Thank you Fatima (Manji) and Tim (Wainwright) for that introduction. And thank you Tim for inviting me here to speak at the opening plenary of Bond’s annual conference.
I look forward to working with BOND and your new Chief Executive Tamsyn Barton – and I’d like to begin by paying tribute to our civil society organisations.
Our civil society organisations are absolutely crucial to the outstanding work that you all do in the battle against extreme poverty and delivering the UN’s Sustainable Development Goals.
Your organisations and your people are the ones who day in day out are working in some of the most challenging places on earth to ensure that no one is left behind.
On top of that, your organisations are robustly defending the rights of civil society that are increasingly under attack in these uncertain times.
Wherever I have been in the world I have seen at first the remarkable work of civil society, groups, organisations and people in some of the most challenging countries standing up for the very rights and values that we cherish.
Bond and civil society organisations like yours are an important part of Britain’s leadership and our global offer.
And it’s never been clearer to me that at times of crisis the world looks to Britain … not just for our support but for our leadership – which is, of course, underpinned by our commitment to UK aid.
A commitment which means the UK is not only meeting people’s basic humanitarian needs but also dealing with the root causes of the global problems we are seeing.
A commitment which shows UK aid along with our world-class defence and diplomacy – acting not only in the interests of the world’s poorest, but in our own national interest.
And global leadership where our influence and ability to save lives in an ever changing world is part of who we are as a nation.
I truly believe that our vibrant and diverse civil society is one of the things that makes Britain great … reflecting the British values of fairness and compassion for others.
So today, I wanted to take this opportunity to set out some of my priorities for UK development, my plans to enhance and strengthen our work with the sector, and how we will partner with the UK’s smaller charities.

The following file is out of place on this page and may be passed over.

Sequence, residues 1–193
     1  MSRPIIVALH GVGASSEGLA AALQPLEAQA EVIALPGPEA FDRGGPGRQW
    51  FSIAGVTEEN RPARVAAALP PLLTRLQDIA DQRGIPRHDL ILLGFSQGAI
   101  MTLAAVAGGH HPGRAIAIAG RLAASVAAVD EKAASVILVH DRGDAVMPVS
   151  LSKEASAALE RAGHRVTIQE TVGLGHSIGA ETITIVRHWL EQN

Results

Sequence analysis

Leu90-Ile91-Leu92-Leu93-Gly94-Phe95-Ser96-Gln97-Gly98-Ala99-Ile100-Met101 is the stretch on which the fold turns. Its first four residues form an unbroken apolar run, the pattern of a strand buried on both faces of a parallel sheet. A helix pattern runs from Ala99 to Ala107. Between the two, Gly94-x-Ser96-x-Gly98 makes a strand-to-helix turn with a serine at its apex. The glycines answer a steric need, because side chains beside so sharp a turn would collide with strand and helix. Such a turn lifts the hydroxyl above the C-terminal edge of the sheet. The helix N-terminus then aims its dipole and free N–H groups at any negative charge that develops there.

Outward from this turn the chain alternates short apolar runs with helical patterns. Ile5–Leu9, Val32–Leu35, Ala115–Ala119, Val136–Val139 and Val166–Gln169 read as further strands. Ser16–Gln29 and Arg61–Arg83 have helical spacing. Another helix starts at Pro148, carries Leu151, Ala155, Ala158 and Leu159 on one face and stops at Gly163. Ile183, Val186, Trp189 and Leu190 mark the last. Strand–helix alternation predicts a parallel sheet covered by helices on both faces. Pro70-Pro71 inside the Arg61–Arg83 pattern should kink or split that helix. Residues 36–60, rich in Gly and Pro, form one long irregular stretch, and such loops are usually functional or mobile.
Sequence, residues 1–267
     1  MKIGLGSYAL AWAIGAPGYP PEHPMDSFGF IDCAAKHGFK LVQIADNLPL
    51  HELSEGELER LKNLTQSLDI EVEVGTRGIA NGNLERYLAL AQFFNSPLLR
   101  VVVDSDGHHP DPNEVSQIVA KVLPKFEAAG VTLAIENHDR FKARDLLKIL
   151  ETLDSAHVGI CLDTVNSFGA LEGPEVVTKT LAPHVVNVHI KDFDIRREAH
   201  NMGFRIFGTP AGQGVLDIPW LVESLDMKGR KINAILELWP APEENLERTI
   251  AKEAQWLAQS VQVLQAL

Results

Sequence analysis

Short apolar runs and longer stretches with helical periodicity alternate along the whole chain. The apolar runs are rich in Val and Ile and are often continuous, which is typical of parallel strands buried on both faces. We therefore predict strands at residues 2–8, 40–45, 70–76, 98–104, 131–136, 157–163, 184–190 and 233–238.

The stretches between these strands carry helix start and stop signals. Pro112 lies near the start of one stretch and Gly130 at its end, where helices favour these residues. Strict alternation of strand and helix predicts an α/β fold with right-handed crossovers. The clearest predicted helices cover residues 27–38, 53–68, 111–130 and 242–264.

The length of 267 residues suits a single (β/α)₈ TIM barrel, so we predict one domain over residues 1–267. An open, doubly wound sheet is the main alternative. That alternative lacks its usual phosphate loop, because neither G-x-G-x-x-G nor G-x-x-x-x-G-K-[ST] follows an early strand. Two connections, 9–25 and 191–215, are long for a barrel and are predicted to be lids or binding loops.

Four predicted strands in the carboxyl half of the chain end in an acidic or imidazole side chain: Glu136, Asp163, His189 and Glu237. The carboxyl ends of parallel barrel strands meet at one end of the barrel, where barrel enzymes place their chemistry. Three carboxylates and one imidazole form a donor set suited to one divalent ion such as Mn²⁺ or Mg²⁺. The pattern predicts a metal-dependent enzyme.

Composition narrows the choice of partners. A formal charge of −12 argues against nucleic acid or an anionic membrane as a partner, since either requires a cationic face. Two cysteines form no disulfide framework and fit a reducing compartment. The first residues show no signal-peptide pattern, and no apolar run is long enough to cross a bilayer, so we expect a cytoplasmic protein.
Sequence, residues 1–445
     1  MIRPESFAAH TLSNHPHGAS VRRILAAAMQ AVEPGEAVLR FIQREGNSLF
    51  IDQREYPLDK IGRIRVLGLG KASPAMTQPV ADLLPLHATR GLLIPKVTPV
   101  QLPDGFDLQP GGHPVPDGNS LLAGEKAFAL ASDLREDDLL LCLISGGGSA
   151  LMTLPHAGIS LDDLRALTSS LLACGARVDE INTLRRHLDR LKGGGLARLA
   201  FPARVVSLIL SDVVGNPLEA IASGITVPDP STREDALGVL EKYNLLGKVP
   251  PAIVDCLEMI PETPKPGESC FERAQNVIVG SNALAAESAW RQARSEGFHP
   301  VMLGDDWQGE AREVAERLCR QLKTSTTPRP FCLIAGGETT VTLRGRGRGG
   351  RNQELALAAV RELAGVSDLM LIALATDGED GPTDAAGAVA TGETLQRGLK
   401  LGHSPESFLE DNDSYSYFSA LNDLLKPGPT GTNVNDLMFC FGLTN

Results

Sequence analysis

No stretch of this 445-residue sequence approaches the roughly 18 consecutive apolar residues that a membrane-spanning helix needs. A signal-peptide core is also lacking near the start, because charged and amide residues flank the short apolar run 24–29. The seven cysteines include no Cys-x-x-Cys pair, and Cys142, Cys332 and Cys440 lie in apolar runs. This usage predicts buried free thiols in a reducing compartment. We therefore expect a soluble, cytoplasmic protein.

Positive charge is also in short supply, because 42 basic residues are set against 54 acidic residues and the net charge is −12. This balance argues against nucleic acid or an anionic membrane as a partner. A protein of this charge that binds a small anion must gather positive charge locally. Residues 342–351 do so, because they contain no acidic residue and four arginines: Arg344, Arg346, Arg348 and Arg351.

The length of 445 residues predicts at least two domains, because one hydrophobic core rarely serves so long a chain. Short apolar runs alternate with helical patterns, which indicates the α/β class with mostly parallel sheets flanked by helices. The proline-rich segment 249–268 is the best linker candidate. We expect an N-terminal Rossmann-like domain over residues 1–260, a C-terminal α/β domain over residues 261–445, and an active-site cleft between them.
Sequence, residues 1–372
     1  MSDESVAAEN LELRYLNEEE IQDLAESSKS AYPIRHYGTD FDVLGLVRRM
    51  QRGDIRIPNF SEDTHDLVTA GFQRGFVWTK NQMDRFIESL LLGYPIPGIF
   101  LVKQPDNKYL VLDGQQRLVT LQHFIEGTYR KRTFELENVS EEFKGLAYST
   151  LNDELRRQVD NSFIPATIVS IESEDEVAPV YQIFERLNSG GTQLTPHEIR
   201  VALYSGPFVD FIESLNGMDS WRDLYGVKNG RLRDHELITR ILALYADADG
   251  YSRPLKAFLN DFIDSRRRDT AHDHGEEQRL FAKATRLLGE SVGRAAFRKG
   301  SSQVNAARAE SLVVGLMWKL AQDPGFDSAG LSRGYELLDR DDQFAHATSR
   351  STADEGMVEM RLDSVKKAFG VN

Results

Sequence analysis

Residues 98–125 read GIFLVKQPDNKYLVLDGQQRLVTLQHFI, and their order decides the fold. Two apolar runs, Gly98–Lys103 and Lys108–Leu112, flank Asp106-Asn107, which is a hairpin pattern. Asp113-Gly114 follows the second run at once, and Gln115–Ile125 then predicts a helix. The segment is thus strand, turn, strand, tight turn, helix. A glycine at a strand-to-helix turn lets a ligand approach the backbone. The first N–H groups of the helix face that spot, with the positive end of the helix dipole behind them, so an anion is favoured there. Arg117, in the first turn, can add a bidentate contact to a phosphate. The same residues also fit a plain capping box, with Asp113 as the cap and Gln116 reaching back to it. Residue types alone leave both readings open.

When it comes to priorities, we all just need to take a look at the state of the world today.
There is an unprecedented humanitarian challenge: more than 20 million people across these four countries face starvation and famine. And at least 1.4 million children could starve to death this year.
Yemen, North East Nigeria, Somalia and South Sudan all stand on the precipice of disaster.
On top of this we cannot overlook the plight of the Syrian people, following the sixth anniversary of that conflict last week – and still no end in sight to the bloodshed.
But as we speak these people need food and water.
We are acting fast and at scale to get desperately needed food, water and emergency health services to millions of sick and starving people.
We are able to do this because of our strong partnerships with trusted NGO partners who are critical for delivery on the ground.
We have seen the incredible generosity of the British public to the DEC appeal, but we must also remember that the very people who are giving also want to know their support is getting through to those who need it. And you are vital in making that happen.
Britain has lead the response but we know we can’t do it alone. We need to mobilise the world to respond and act now.